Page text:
The buzz this week in the hockey world has been all about Atlanta and Winnipeg, and at least some in Connecticut are listening. Sometime over the next few weeks, if things stay on track, the Atlanta Thrashers will likely pull up stakes and move to Winnipeg, Manitoba.

The move, when and if it happens, is something that will make those NHL fans left in Greater Hartford sit up and take notice for a couple of reasons. First, the move would reverse a decades-long trend of northern teams moving south to cities that rarely ever see ice. Minnesota, Hartford and Winnipeg lost teams to Dallas, Raleigh and Phoenix (Quebec City’s team moved to Denver, which is at least in the mountains). Second, Winnipeg has fewer people in its metropolitan area than Hartford does, and would be a smaller TV market. Third, Winnipeg’s arena actually has a smaller capacity for hockey than the XL Center, and would be by far the smallest arena in the NHL.

So if Winnipeg can do it, the thought process runs, why can’t Hartford? After all, there’s another struggling NHL franchise down in Phoenix, might not the Coyotes turn north should they not be able to find a long-term solution in the desert? Sadly, Hartford fans shouldn’t expect to see the Whalers back any time soon. There are factors that exist in Manitoba right now that simply don’t exist here. However, Winnipeg’s experience, and the differences between the two cities, may provide a blueprint for Hartford.

Perhaps the most significant difference between the two cities is that Winnipeg has a new arena. The XL center is nearing forty years old, and it shows its age. Winnipeg’s MTS Centre, by contrast, opened in 2004 and is a far more modern, up-to-date facility. The MTS Centre was built not just as a lure for an NHL team, but as a concert and entertainment venue, and as a home for the AHL’s Manitoba Moose. In fact, fans criticized the relatively small hockey capacity of the MTS Centre (15,015) as a barrier to Winnipeg ever getting an NHL team back—most new NHL arenas have capacities of over 17,000. And yet, strong AHL attendance and Winnipeg’s passion for hockey suggests that they won’t have trouble putting people in the stands, and it’s worth pointing out that eight current NHL teams have an average attendance under the MTS Centre’s capacity. The XL Center, by comparison, seats 15,635 for hockey, though you’d never know it by the dismal attendance at Whale games. The MTS Centre draws plenty of non-hockey business, too; it ranked in 2008 as the 3rd-busiest arena in Canada, and the 19th-busiest in the world in terms of ticket sales, according to the concert industry trade publication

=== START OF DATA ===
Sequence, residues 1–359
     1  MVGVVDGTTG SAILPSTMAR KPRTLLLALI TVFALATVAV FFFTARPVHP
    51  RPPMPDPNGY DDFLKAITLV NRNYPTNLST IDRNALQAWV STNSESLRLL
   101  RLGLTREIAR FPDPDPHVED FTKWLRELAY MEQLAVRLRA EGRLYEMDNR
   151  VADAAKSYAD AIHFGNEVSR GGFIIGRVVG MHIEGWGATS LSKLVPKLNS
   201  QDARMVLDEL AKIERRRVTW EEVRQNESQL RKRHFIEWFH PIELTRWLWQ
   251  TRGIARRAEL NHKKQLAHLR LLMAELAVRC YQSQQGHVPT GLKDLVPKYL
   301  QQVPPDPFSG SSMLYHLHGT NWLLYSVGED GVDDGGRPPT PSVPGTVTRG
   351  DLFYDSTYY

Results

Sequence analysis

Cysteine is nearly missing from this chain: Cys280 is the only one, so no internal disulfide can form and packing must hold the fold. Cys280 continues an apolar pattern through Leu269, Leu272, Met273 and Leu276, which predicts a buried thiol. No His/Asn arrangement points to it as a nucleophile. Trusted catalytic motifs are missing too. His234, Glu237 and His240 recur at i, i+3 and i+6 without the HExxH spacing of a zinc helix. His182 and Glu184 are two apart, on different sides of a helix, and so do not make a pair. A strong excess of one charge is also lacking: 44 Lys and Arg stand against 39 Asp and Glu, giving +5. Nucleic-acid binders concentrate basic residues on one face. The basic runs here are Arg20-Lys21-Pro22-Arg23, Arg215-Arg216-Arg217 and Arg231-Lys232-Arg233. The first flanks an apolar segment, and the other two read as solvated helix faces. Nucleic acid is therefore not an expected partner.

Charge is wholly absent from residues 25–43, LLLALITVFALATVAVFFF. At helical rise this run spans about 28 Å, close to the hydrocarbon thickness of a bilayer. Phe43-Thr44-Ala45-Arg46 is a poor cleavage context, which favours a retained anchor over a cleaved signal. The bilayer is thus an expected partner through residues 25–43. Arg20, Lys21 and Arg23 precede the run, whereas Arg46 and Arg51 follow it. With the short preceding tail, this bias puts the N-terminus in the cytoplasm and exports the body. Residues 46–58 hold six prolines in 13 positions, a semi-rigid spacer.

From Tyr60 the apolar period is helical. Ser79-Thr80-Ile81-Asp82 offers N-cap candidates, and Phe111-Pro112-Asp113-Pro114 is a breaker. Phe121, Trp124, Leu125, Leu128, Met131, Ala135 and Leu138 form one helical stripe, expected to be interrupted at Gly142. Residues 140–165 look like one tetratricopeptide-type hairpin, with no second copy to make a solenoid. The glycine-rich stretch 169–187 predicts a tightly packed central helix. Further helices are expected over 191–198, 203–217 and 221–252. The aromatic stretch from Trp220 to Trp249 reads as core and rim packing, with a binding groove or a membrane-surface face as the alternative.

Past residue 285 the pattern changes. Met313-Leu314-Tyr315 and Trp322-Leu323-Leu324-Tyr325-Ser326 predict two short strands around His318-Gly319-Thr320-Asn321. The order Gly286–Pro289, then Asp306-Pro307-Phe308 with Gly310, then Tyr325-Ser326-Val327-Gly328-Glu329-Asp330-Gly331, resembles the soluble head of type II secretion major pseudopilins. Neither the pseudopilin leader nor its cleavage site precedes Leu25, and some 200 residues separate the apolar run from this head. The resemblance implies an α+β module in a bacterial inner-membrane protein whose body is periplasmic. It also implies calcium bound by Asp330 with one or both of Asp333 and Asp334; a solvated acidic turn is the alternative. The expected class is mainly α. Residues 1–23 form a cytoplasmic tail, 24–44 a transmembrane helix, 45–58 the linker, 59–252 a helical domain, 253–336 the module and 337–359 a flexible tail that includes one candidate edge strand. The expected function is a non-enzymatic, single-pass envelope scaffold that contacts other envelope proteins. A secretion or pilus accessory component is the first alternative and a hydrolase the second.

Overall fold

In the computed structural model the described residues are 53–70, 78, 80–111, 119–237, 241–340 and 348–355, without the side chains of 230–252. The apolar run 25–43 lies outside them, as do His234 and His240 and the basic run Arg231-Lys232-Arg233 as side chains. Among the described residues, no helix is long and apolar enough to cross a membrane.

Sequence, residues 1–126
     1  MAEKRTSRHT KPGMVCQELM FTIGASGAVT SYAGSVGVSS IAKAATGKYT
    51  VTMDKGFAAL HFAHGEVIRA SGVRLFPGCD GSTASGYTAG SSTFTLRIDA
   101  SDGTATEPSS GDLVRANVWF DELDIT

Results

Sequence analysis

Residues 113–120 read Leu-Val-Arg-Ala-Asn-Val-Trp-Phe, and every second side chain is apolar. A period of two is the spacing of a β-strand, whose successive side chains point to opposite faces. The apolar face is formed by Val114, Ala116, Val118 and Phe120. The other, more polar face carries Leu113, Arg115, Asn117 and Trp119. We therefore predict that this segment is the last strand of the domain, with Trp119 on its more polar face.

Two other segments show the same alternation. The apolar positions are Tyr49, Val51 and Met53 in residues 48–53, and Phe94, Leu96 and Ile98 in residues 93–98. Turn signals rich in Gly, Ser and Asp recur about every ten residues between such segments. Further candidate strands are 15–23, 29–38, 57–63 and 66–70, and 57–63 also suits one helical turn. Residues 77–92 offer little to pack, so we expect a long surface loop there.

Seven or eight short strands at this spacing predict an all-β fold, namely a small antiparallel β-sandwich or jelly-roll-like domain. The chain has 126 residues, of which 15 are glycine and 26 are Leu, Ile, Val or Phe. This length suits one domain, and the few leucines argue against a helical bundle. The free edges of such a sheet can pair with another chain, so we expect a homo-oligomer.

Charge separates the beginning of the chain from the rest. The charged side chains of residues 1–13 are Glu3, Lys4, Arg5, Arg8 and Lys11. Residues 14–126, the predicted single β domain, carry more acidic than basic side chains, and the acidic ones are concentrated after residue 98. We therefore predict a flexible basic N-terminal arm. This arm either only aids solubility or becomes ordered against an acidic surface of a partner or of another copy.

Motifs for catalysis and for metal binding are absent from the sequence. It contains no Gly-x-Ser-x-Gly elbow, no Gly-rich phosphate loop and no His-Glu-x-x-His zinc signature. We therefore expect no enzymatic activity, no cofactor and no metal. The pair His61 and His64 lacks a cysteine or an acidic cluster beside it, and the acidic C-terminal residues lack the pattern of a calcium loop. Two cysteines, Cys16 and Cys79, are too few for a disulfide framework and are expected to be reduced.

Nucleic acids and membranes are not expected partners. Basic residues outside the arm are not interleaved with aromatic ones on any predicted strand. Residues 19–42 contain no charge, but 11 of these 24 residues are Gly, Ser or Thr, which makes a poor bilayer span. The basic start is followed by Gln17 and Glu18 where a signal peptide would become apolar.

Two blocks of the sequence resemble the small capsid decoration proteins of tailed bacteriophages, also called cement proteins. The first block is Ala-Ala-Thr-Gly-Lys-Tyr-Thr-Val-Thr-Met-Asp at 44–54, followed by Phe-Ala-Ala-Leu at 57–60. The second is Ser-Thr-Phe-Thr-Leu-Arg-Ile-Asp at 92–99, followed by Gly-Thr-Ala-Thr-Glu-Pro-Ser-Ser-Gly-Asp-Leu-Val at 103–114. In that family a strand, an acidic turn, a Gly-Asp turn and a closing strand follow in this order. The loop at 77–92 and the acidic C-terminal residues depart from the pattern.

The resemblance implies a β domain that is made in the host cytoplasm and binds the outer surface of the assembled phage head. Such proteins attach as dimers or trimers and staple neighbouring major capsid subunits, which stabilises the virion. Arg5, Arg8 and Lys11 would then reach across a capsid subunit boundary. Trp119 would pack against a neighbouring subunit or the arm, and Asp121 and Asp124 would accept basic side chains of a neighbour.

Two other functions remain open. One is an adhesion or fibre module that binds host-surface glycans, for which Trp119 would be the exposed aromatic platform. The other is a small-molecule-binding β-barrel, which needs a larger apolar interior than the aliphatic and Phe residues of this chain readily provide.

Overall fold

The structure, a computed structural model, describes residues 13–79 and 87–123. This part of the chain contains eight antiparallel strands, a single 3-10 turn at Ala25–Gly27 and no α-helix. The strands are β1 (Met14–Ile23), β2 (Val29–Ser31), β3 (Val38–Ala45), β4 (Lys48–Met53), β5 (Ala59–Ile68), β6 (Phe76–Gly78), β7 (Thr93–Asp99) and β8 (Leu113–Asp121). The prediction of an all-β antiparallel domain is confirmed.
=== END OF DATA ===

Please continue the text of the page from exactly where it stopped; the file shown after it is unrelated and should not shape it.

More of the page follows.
Winnipeg also has a much stronger economy than Hartford, at least for now. Winnipeg was rated as one of the cheapest places to do business in Canada, and its economy is growing rapidly. Hockey teams can’t exist without corporate support, and Winnipeg is home to a wide range of diverse corporations.

The last thing Winnipeg has that Hartford lacks is a committed ownership group which has control over pretty much all aspects of hockey in the city. True North Sports and Entertainment owns the MTS Centre and the Manitoba Moose, and is the group trying to purchase the Thrashers. They’ve been in existence for a decade, and have worked tirelessly to make their building and AHL team second-to-none. Hartford’s situation is a lot more muddy; Howard Baldwin’s Whalers Sports and Entertainment runs hockey operations for the AHL Connecticut Whale (formerly the Hartford Wolf Pack) but the team is still owned by Madison Square Garden, which also owns the New York Rangers. The XL Center is owned by the city, and is operated by Anschutz Entertainment Group as part of a deal with the Connecticut Development Authority. It’s a mess.